The Hidden Almanac for
Monday December 15th, 2014
Episode 197
Previous episode: 2014-12-12
Next episode: 2014-12-17


Today marks the 29th anniversary of a great tragedy. It is also the day a controversial album was released. It is the Feast Day of St. Octavian, and in the garden, there are sparrows.

Be Safe, and Stay Out of Trouble.


Welcome to the Hidden Almanac, I’m Reverend Mord.

Today is December 15th, 2014.

It was on this day in 1985 that 33 members of a wedding party were killed after the couple thought it would be a good idea to have photos taken on an iced over lake. Recent warm weather had weakened the ice and it broke under the weight, sending all involved underwater. It was a national tragedy, and the only benefit derived from it was by a first responder who fished out the bouquet and became the next of his unit to marry.

And it was on this day in 1990 that the album “A World Bleached White” by Ironlight was released. It featured explicit lyrics, graphic depictions of illegal acts on the album art, and the liner notes could be fashioned into a crude weapon. Though banned from sale in every possible venue, it nevertheless went immediately triple platinum. “Teenagers appear to be purchasing this by osmosis or something,” said one moral authority. “I went into my daughter’s bedroom and a copy literally popped out of the air and fell onto the stereo. It was very disturbing. She swore that she’d never listened to it, but three more copies showed up under her bed, and there was another in the potting shed. That one might have been my husband’s, though. I’ve grounded everyone in the house, just in case.” Ironlight, which consists of three MFA’s in classical music and a drummer, released a five minute statement that, once the swear words had been removed, read only: Censorship of art is rarely effective. They continue to tour today.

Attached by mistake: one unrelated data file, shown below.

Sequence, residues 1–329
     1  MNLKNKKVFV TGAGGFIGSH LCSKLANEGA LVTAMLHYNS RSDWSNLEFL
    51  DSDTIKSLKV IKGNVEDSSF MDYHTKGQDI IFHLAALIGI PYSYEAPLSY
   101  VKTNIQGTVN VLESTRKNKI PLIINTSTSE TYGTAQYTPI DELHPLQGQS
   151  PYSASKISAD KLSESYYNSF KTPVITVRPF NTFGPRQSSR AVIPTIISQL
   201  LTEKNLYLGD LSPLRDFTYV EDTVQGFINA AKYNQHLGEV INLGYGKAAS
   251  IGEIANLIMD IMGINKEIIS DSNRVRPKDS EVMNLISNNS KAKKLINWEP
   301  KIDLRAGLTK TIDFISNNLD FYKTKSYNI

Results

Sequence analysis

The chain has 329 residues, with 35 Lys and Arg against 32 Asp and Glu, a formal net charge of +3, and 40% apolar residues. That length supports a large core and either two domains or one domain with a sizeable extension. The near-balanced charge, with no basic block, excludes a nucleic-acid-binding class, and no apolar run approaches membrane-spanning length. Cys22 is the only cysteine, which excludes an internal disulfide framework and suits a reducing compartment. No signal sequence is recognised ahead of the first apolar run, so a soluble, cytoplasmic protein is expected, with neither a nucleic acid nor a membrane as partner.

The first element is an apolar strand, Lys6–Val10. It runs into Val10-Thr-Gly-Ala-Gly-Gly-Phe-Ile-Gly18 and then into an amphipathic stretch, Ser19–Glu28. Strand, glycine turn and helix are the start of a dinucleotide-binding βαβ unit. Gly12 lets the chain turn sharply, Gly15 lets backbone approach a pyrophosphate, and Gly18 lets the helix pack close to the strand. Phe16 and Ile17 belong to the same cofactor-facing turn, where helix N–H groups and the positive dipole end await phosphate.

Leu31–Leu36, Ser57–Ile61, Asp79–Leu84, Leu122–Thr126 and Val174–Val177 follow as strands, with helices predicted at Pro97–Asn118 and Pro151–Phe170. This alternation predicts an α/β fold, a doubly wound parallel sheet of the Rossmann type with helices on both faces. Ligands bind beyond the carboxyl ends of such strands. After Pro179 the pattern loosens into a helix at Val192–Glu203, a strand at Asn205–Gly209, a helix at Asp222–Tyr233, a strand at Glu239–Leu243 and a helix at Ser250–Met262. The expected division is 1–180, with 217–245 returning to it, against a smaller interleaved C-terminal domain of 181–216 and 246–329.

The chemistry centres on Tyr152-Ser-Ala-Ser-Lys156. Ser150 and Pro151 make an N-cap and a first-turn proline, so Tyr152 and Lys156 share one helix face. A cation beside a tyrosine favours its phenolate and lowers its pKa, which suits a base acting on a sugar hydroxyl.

It is the Feast Day of Saint Octavian the Gardener, who traveled to remote locations to bring rare seeds back to his home garden. The Monastery of St. Octavian preserves over five hundred varieties of unusual vegetables, many of which would be lost to cultivation today if not for their careful husbandry. Their seed catalogs are weighty tomes, considered sacred by many gardeners, and a pilgrimage to there is almost mandatory for those who till the earth. The trowel of the saint himself is on display, alongside other holy relics. His icons show a pair of hands cupping a handful of earth with a tiny haloed seedling.

In the garden, white throated sparrows are everywhere and the frost is crackling on the fallen leaves. It is a perfect time to curl up with a seed catalog, such as that from Seeds of Distinction, which specializes in heirloom vegetables. The Seeds of Distinction catalog has this to say about squash:

The Griddle squash, so named for patches of rind that develop grid-like cross-hatching, was introduced in 1898. The 8-pound red fruit are teardrop-shaped, with thick orange flesh that is sweet and strongly squash-flavored. A beautiful variety in the fall garden, and a good keeper for winter eating.

So ends today's reading from the Seeds of Distinction catalog.

The Hidden Almanac is brought to you by Red Wombat Tortoise Company, purveyors of fine and inaccessible tortoises. Red Wombat --- “We Dig Tortoises.”

Also brought to you by Whipping Crow Records, who will not be sponsoring the Ironlight reunion tour, because dude, those guys are old.

That’s the Hidden Almanac for December 15th, 2014. Be safe, and stay out of trouble.


Out of Character

The Hidden Almanac is a production of Dark Canvas Media, and is written by Ursula Vernon. Our exit music is Red in Black and our into music is Moon Valley, both by Kosta T. You can hear more music from Kosta T at the Free Music Archive. The Hidden Almanac is copyright 2013-2014, Ursula Vernon.

Notes Edit

Ad blocker interference detected!

Wikia is a free-to-use site that makes money from advertising. We have a modified experience for viewers using ad blockers

Wikia is not accessible if you’ve made further modifications. Remove the custom ad blocker rule(s) and the page will load as expected.